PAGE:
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COVID-19: Public Health Ontario confirms 36 cases of B.1.617 variant now in province

WATCH: Public Health Ontario has now confirmed 36 cases of the B.1.617 variant, the so-called “double mutant” variant of COVID-19 first detected in India. The surge in cases of the new variant comes on the heels of new travel restrictions announced by the federal government, but critics say Ottawa acted too late. Kamil Karamali reports.

Public Health Ontario (PHO) has confirmed 36 B.1.617 variant cases, the so-called “double mutant” variant of COVID-19 first detected in India, have been confirmed across the province.

In a statement to Global News Friday evening, the agency said six cases were detected through its genomics surveillance program.

It went on to say 30 cases were found through Ontario’s COVID-19 screening program at airport and land border crossings and subsequently confirmed through the national microbiology lab in Winnipeg.

The agency said all of the cases were associated with international travel and identified “in the last few days.”

Read more:
COVID-19 variant first detected in India found in Canada. What we know so far

“PHO is continuing to actively monitor for the B.1.617 variant as well as other mutations and variants of the SARS-CoV-2 virus,” the statement said.

While not officially designated as a variant of concern (VOC) by the Public Health Agency of Canada (PHAC), B.1.617 is being treated as a “variant of interest”. And federal health officials insisted they are closely monitoring it.

“It’s a double variant or double-mutation variant because it’s got a couple of the hallmark mutations in the virus and we know that these mutations can change the behaviour of this virus,” Dr. Isaac Bogoch, an infectious diseases specialist, told Global News on Friday.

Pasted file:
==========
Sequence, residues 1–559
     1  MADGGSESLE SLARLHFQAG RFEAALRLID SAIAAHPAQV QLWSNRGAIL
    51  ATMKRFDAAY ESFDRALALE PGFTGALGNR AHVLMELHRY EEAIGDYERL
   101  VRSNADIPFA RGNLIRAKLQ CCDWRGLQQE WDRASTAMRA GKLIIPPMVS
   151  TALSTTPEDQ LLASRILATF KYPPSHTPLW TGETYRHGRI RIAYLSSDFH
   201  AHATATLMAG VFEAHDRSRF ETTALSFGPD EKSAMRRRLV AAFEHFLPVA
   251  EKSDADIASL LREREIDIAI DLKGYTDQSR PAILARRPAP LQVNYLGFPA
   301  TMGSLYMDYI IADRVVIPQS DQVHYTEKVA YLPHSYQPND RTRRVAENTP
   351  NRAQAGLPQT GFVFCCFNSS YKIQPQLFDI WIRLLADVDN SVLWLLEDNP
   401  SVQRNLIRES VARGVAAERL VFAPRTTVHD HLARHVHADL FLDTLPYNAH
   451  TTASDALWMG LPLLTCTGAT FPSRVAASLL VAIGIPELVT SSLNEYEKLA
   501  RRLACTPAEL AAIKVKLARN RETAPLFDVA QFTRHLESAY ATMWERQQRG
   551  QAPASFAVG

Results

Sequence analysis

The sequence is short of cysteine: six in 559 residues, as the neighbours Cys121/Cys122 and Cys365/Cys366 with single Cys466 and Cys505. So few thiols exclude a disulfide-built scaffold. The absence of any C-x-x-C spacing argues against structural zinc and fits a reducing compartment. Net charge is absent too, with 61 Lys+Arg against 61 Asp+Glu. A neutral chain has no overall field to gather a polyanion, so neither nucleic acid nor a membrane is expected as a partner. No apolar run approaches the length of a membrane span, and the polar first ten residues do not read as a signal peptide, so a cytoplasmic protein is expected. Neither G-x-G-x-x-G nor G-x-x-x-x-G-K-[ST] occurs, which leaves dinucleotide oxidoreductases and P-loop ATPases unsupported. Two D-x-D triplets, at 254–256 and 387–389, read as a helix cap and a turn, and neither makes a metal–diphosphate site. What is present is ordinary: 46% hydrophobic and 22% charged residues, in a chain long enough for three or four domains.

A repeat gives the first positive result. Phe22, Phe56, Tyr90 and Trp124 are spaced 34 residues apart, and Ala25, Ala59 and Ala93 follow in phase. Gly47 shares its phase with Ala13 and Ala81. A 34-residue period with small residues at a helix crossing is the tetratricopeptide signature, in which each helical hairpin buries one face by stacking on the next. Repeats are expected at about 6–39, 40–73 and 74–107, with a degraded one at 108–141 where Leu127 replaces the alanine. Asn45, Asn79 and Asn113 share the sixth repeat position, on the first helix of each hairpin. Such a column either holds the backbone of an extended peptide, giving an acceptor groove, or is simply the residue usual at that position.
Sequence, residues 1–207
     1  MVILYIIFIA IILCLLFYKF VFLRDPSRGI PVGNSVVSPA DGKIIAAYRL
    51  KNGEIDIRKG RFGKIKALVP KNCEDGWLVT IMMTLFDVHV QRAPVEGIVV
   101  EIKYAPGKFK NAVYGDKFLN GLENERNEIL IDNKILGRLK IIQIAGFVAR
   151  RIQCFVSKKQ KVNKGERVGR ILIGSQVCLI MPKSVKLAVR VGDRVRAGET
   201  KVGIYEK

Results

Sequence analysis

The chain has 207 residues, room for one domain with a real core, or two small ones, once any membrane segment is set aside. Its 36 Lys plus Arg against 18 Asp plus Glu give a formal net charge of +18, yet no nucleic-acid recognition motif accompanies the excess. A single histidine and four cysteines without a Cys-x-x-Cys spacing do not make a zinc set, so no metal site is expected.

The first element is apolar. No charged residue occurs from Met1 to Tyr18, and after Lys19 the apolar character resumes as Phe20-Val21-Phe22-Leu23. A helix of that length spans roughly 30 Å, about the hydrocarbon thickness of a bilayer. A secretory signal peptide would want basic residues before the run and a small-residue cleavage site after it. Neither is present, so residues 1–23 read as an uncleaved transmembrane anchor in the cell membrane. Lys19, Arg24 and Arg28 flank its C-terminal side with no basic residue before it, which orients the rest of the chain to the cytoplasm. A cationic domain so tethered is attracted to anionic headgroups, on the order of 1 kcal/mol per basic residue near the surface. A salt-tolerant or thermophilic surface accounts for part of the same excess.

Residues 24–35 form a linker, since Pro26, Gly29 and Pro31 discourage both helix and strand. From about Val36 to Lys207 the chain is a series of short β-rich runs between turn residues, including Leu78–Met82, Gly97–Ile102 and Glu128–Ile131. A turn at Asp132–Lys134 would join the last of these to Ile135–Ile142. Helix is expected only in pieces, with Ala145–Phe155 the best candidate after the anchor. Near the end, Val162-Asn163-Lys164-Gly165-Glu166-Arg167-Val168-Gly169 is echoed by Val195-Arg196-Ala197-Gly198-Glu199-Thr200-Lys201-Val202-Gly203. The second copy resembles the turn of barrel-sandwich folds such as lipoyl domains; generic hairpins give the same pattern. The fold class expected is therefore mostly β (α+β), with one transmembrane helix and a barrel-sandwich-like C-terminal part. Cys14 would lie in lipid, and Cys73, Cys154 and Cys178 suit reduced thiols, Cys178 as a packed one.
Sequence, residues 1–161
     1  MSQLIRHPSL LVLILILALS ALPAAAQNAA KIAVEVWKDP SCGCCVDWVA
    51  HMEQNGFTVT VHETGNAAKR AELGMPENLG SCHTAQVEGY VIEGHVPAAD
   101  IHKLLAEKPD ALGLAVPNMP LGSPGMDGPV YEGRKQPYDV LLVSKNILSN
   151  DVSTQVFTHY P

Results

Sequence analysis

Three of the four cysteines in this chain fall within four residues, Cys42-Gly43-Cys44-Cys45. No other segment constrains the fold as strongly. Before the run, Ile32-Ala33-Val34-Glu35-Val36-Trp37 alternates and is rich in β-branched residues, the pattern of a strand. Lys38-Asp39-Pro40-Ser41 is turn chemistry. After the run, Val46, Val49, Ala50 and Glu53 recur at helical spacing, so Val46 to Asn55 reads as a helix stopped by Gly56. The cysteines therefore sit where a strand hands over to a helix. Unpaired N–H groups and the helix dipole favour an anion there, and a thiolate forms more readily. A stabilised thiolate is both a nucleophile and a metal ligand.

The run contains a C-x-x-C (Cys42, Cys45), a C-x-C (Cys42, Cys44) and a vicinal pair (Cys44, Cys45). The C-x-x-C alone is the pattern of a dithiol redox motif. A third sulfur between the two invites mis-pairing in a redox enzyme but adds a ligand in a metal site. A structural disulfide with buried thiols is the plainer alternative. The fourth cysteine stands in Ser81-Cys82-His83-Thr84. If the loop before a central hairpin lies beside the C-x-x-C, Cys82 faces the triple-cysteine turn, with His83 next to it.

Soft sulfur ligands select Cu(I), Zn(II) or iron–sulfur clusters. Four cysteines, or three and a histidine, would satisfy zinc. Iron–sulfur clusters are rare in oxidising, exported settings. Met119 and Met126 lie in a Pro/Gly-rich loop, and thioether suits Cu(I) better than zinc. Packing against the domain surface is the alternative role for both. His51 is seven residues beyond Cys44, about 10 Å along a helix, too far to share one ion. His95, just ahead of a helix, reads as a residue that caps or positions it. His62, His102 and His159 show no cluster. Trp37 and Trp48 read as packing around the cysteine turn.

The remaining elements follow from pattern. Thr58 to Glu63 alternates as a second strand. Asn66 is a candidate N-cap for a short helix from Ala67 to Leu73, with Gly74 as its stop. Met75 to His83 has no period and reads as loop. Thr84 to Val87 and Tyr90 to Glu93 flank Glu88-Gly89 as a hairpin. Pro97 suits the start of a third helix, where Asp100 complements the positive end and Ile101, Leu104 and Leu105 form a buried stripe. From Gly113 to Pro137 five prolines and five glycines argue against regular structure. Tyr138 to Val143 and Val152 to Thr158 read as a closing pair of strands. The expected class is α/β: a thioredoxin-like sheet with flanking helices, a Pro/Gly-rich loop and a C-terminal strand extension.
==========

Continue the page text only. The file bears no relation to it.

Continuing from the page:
“It’s very likely that this particular variant is more transmissible but I think it’s fair to say that we don’t have all the answers.”

Bogoch said health officials are looking to see whether the variant causes more significant illness or if the vaccines work against it.

“So it’s a variant of interest and not concern because, we quite frankly, don’t have those answers yet,” he said.

When asked about the Public Health Ontario report, Bogoch said the variant likely has been circulating “a little bit longer than people may realize” with continuing air travel.

“It was a matter of time before this was discovered,” he said.

“At the end of the day, the same rules apply. We’ve got to protect our essential workers and protect our vulnerable communities, we’ve got to make for safer indoor spaces, and we’ve got to vaccinate, vaccinate, vaccinate.”

The variant of interest is currently devastating India and its health care system, with over 300,000 cases reported alone on Thursday.

Read more:
Ontario reports 4,505 new COVID-19 cases, 34 deaths

Canada implemented a ban of all direct flights from India and Pakistan into the country, effective Friday morning.

Bogosh said the plan helps to be a “barrier” and added that “without the current policies, we would have way more COVID and way more variants of concern entering the country.”

Ontario reported 4,505 new COVID-19 cases on Friday and 34 more deaths as the province grapples with a third wave.

What is the B.1.617 variant?

The B.1.617 variant was initially reported in the Indian state of Maharashtra late last year with two mutations – the E484Q and L452R.

The variant is being described as a “double mutant” due to a pair of mutations that the Indian Ministry of Health and Family Welfare said may confer “immune escape and increased infectivity.”

It has quickly become the dominant version of the coronavirus in the western state.

READ MORE: India is shattering global COVID-19 infection rates. Here’s why

Scientists believe the variant is contributing to the recent uptick in infections in the country.

The new strain has also been found in several other countries, including the United Kingdom, Australia, Germany, Belgium, Namibia, New Zealand, Singapore and the United States.

The E484Q mutation is similar to the E484K mutation found in the B.1.1.7 variant that was first detected in the U.K., the B.1.351 variant, which emerged in South Africa, and the P.1 variant behind Brazil’s deadly COVID-19 surge.

Experts said this mutation decreases the ability of antibodies to bind to the spike protein of the virus, making vaccines less effective.

With files from Saba Aziz

© 2021 Global News, a division of Corus Entertainment Inc.

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